A summary of some new news related to CUNY's and CSI's response to the COVID-19 pandemic. See https://csi-covid19.github.io for the archive.
To add/suggest news, please email John Verzani
COURT: S.D.N.Y; TRACK DOCKET: 1:20-cv-05060: The City University of New York violated its obligations under the Coronavirus Aid, Relief and Economic Security Act by laying off thousands of adjunct faculty and staff within weeks of being awarded $251 million in relief money, according to a new suit filed in New York federal court Wednesday.
Yesterday was a shameful day for the CUNY administration. According to the information the union has, the University laid off nearly 3,000 employees and cut 422 from health insurance.
Late last night, the PSC filed a major lawsuit against CUNY seeking an injunction against the layoffs.
And this week, the union's Executive Council decided that the PSC leadership and membership must also begin an assessment and systematic conversations with our members about escalating actions. It's time to talk seriously about whether the union needs to consider disruptive job action during the fall semester in order to save lives, save jobs and save CUNY. There will be extensive conversation with members about the risks and potential power of such action before any plans are made, but faced with a central administration that has failed to comply with state and federal safety requirements during the pandemic, that has dragged its feet in responding to the union's demands for contractual adjustments during the emergency, that has laid off close to 3,000 adjunct faculty and staff, and that has repeatedly failed to stand up for CUNY at a moment of unprecedented crisis, we decided that further escalation may be needed.
CUNY faculty and staff knew going into this summer that it would be a fight unlike any the PSC has seen since the 1975 fiscal crisis, a crisis that provided an excuse to begin the dismantling of CUNY. I believe we are united in the fight to prevent CUNY from being dismantled again. All of us are recovering from a traumatic spring and trying to respond to this moment of national grief, uprising and transformation. And 3,000 of us are absorbing the news of being laid off, sometimes after decades of service.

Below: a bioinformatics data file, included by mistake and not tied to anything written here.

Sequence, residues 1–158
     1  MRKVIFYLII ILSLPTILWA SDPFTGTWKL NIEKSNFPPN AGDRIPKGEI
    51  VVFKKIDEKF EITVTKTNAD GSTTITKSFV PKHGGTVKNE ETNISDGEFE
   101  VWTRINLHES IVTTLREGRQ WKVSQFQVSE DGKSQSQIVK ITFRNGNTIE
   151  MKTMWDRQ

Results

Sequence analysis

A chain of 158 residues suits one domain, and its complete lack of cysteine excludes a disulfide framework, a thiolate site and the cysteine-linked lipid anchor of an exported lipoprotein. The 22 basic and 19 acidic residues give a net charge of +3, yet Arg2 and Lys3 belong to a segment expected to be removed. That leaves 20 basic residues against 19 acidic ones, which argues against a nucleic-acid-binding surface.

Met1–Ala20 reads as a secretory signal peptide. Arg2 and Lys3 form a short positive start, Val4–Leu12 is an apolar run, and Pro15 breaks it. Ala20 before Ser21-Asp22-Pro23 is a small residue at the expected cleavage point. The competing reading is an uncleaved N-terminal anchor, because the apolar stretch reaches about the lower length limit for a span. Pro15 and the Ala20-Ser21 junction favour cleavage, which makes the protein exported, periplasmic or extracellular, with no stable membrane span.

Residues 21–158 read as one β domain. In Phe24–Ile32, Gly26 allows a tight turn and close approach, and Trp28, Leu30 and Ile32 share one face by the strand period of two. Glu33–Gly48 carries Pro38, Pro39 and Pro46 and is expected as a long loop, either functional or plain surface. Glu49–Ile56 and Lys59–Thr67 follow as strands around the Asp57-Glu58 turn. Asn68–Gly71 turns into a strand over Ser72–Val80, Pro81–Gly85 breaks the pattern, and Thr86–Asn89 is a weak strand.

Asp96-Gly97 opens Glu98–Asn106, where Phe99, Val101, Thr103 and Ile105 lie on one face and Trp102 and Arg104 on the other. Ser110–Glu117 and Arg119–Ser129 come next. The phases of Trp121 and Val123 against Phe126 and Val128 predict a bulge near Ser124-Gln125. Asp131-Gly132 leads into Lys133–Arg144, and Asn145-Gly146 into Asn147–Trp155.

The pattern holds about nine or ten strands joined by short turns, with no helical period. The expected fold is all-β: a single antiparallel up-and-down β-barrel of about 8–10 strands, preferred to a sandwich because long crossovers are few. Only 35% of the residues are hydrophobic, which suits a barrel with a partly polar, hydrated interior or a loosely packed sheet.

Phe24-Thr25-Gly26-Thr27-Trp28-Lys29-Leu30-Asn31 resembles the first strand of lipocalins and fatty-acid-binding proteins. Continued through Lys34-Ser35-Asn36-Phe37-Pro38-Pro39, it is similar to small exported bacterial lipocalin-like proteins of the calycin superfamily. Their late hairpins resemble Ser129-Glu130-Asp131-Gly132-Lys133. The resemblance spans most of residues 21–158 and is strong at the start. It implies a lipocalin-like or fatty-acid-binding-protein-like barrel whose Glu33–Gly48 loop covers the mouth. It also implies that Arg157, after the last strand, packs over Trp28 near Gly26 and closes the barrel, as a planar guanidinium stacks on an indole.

Includes very high level numbers for CUNY.
(Many thanks to Deborah Franzblau)
Thousands of instructors at American colleges and universities have told administrators in recent days that they are unwilling to resume in-person classes because of the pandemic.
More than three-quarters of colleges and universities have decided students can return to campus this fall. But they face a growing faculty revolt.
Limited Exceptions to Virtual Instruction
The granting of limited exceptions to permit in-person activities will be informed initially by consultation with academic senates, associated students, staff councils and union leadership, and align with local public health officials and government agencies, and will be based on compelling needs, while continuing to meet safety benchmarks.
We call on incoming President Maurie McInnis and the Interim President Micheal Bernstein to immediately withdraw the recently announced proposed hybrid instructional plan and replace it with explicit policies for safe, equitable, and inclusive online-centric teaching as other major public universities have done. All classes, both undergraduate and graduate, should be taught remotely. The only exceptions are courses which cannot be adequately taught this way such as labs and experiential learning classes. Even for these courses, however, we call for full autonomy for faculty and students to opt for remote instruction if they so choose. This call aligns with UUP's telecommuting agreement with New York State, which calls for telecommuting requests of employees to be granted to the greatest extent possible. Below are reasons why we have reached this conviction.